2  
@SiddharthRout: The answer to "I've forgotten my password" is astonishingly often "crack it" if there are no means of recovering it. That ranges from a brute-force attack against the hash to using a Live-CD to reset it. I can't see anything particularly bad in that...maybe you're just confused by the word "crack" and that it is mostly used with illegal activity...but that doesn't make it illegal. This reminds me about the torrent discussion over that SU. –  Time Traveling Bobby Jun 21 '12 at 11:57
    
@casperOne: Thank you again. –  Siddharth Rout Jun 21 '12 at 11:58
1  
@UristMcBobby: So correct me if I am wrong. Tomorrow you float an Excel Add-in and are charging say $100 for it. You'd be okay if I discuss how to crack it in SO? –  Siddharth Rout Jun 21 '12 at 11:59
    
@casperOne: Sorry, I have been thinking and I have a quick question for you... That said, we don't even try to enforce it (other sites might have variations on this, SO does not) Why have the TOS in the 1st place then? Thanks for being patient with me :) –  Siddharth Rout Jun 21 '12 at 12:04
    
@SiddharthRout: As long as it is not named or no hint is there that it is that Excel Add-In...what are we supposed to do about it? It's not like someone calls the Police if I buy a crowbar...and crowbars are used astonishing often to crack stuff open which is locked. There's a difference between "What is the best way to open a door with a crowbar, because I (Mister McStupid) just locked myself out with nothing but a crowbar", "How to get a door open with a crowbar" and "I'm at the house of the guy I know, I want to get his door open with my crowbar and get his TV, how do I do that". –  Time Traveling Bobby Jun 21 '12 at 12:06
    
@UristMcBobby: That is definitely an interesting analogy. Unfortunately there is a lot of grey area around it. I guess if SO is OK with it then we simply abide by it. –  Siddharth Rout Jun 21 '12 at 12:09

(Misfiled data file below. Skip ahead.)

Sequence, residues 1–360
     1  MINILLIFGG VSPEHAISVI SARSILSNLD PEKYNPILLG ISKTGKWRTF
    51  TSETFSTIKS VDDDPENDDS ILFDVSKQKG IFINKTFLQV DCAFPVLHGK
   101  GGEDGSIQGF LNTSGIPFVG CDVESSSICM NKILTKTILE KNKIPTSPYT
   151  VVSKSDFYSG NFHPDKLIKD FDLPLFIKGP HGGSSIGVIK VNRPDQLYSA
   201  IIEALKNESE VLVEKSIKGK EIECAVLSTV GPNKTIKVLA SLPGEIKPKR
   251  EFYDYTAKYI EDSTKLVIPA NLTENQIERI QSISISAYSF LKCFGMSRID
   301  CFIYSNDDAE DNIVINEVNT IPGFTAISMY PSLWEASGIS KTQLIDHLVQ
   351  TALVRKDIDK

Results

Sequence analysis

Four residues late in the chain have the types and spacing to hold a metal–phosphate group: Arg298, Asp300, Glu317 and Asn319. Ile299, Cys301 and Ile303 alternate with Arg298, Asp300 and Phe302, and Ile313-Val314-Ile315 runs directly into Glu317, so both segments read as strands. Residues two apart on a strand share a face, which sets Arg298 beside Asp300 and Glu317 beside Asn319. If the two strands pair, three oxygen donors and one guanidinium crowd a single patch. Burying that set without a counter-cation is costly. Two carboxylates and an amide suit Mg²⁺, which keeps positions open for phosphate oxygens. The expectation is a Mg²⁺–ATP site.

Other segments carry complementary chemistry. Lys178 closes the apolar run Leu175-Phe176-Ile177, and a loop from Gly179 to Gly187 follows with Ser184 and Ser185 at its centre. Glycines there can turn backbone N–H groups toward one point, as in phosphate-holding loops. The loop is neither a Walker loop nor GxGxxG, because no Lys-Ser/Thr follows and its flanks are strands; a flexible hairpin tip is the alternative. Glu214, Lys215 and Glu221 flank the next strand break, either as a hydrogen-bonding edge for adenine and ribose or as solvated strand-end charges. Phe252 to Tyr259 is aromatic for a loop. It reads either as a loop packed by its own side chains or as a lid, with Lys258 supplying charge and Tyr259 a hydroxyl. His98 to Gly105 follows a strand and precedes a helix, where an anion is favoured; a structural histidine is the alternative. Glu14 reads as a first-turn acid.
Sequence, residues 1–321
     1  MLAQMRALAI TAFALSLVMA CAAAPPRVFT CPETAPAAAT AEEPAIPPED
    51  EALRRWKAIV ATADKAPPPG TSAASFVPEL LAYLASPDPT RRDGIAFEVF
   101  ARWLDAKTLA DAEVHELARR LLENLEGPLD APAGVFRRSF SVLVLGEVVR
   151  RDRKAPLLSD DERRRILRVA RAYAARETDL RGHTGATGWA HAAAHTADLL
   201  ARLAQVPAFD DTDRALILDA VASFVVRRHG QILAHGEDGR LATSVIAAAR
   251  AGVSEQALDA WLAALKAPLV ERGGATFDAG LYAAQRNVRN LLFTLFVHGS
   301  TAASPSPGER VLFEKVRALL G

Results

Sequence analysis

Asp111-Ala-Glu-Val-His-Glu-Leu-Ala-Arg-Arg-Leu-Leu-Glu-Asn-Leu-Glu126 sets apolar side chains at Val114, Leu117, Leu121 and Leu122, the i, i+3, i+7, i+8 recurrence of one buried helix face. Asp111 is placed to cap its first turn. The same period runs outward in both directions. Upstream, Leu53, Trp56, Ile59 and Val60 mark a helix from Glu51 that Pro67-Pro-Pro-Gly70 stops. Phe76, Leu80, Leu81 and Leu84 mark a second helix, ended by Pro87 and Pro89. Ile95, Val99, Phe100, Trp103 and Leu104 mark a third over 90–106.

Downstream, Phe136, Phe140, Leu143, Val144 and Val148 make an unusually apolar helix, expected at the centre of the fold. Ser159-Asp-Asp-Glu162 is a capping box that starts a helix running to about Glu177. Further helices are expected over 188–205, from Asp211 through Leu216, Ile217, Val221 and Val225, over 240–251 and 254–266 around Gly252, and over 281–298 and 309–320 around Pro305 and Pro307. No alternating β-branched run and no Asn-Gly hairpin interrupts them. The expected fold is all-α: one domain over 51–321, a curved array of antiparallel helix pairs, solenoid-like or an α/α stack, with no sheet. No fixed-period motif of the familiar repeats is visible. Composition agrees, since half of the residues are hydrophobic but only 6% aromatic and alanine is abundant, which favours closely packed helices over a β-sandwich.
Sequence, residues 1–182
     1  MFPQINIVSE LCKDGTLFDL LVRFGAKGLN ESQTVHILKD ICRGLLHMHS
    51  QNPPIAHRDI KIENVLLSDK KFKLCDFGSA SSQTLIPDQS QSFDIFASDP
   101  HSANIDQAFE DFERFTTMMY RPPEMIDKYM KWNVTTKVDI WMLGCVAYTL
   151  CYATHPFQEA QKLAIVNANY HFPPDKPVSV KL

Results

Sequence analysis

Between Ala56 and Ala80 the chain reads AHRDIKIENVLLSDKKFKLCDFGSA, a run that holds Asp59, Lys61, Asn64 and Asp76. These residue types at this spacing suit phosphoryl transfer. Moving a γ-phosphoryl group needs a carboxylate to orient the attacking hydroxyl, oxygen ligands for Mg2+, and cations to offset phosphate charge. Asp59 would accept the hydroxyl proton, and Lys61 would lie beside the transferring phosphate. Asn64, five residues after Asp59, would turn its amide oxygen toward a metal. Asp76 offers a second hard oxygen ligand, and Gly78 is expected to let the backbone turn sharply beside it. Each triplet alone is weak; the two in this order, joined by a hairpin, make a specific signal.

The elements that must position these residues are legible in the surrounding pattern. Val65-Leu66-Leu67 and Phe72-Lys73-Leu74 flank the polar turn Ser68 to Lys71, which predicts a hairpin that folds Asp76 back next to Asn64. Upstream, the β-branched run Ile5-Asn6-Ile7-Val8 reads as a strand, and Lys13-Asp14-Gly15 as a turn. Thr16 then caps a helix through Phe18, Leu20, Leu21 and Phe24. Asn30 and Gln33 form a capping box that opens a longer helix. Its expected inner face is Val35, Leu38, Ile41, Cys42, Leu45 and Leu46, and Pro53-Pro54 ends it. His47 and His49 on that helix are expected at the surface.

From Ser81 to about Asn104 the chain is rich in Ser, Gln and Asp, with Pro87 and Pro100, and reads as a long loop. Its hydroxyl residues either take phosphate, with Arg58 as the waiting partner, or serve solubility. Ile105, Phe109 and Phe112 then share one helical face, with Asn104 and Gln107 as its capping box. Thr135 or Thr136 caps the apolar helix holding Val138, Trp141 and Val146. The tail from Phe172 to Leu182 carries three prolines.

@SiddharthRout: "Presumption of innocence". Otherwise we'd have to ban every second question on SO...especially those about sending automated e-mails and stuff. –  Time Traveling Bobby Jun 21 '12 at 12:12
    
@SiddharthRout I've updated my statement; other sites (really, IT and Security does, I can't think of others) may have etiquette that goes beyond the TOS, but that's for the individual site. SO does not have this as part of their etiquette. Why have the TOS at all? It's the legal stuff that protects all of us from the bad things of the world. It's essential to having a site like this. –  casperOne Jun 21 '12 at 12:13
    
I will simply wait for casperOne's comment on my last comment directed at him and then I will close this question. Thanks for taking time to reply to my queries. You might want to post a separate reply so that I can vote it and give it due credit? –  Siddharth Rout Jun 21 '12 at 12:13
    
@SiddharthRout: Not really. CasperOne says the same thing only with different words. –  Time Traveling Bobby Jun 21 '12 at 12:14
    
Thank you all. Though I still have that uneasy feeling about this but I guess I will have to live with it. –  Siddharth Rout Jun 21 '12 at 12:20
3  
@UristMcBobby The power of words! –  casperOne Jun 21 '12 at 12:20
2  
@casperOne: There's a reason why word is 80% of sword. ;) –  Time Traveling Bobby Jun 21 '12 at 12:24

You must log in to answer this question.

Not the answer you're looking for? Browse other questions tagged .